I planted some micro greens a few weeks ago and decided to use plastic take out containers that have a lid.  I liked this method because I get to reuse a recyclable material.  The lid on the container is an added bonus as well cause it creates a mini greenhouse.  Last year when I  originally posted this blog I used regular terra-cotta pot, it works just as well.

Fill the container with seed starting mix. I prefer a bagged Organic potting mix formulated especially for seeds,  Espoma Organic Seed Starting Mix.

Pre- moisten the soil.  I always find it easier to have the soil moist rather than dry.  When seeds are sown in dry soil and you water seeds can float to the surface.  Directly sow seeds in the soil in rows.  Cover seeds with soil.  Be careful not to over water, this may cause damping off, a fungal disease causing seedlings to break down after germination.  Only water when soil is thoroughly dry.

Close container to create a greenhouse like habitat.  If too much condensation builds vent or open lid during the day.

Seedlings stretching toward the light

Seedlings stretching toward the light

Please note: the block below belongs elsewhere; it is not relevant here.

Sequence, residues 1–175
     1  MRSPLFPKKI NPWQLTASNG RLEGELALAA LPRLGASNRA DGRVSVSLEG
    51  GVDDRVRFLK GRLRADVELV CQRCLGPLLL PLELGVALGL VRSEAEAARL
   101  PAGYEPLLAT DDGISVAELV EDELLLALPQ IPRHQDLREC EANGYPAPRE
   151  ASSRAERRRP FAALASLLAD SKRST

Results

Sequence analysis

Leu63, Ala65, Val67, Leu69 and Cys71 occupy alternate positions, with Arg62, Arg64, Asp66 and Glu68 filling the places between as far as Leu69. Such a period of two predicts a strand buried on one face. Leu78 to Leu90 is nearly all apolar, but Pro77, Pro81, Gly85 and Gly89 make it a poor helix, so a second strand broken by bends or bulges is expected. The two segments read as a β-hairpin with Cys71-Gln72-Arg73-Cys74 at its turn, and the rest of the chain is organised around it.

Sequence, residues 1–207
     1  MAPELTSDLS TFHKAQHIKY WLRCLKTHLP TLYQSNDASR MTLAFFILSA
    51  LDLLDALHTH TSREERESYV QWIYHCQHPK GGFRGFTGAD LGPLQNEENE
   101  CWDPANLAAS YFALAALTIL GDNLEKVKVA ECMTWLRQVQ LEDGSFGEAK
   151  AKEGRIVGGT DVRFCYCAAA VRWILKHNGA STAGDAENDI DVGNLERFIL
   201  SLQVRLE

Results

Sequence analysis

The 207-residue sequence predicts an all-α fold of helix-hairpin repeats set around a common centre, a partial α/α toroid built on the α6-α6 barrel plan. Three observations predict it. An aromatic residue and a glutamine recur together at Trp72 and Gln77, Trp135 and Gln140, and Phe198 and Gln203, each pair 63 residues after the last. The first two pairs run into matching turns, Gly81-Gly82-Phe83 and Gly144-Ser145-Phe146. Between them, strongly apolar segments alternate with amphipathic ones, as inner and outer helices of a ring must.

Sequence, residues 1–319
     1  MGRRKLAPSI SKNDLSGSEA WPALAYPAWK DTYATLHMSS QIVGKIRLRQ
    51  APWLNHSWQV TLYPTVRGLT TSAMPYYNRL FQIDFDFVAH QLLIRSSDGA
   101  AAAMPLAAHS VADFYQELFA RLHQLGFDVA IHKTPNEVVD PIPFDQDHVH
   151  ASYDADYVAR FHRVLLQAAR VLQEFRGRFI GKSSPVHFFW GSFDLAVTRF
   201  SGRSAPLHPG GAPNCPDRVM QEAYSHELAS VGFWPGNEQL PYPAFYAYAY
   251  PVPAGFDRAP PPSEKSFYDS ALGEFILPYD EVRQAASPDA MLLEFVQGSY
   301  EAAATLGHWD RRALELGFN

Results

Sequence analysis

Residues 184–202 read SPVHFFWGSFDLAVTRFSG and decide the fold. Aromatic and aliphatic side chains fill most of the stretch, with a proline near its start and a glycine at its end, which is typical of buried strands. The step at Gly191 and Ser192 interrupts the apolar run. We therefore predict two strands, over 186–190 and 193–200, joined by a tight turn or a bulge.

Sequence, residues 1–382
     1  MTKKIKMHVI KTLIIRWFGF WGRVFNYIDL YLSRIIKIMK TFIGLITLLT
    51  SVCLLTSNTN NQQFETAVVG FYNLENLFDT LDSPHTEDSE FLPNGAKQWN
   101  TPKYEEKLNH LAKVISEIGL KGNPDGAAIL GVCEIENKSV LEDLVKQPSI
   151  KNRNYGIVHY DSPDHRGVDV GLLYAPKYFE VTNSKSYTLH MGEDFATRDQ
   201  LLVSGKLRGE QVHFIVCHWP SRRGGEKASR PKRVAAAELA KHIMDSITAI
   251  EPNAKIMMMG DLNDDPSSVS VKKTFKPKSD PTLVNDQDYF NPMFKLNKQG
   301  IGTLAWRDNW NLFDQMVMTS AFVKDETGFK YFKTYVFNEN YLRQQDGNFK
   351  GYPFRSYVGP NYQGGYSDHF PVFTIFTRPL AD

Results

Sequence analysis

Place in south facing window…If you need more light I would highly recommend adding an artificial light source   I also recommend turning your seed trays to avoid phototropism.  

Harvest greens in 2-3 weeks.

Planting Seeds Indoors


Planning on growing vegetables this spring from seed?  It is not too late to start indoors.  Here are 10 easy tips to get you started.

1. Find the perfect location. Make sure you have a bright sunny location to place your seedlings once they are planted. A South facing window is ideal with plenty of ambient light. If you are placing trays on a windowsill make sure you fully rotate trays 180 degrees to avoid your seedling becoming too leggy.

2. Containers and trays. I recommend using a tray with a liner for starting seeds. The liners are divided into 4 or 6 cells about an inch wide. You can easily find seed starting kits at your local garden center. They usually include the tray with the liner and a clear plastic cover that acts like a mini greenhouse. This allows heat and humidity to build within the trays to help with germination.

3. Add an artificial light source to extend daylight. I recommend a grow light kit, by Hydrofarm that contains a 60 or 150 watt bulb with a clamp lamp for easy attachment. They are easy to install and extremely affordable for a small windowsill garden.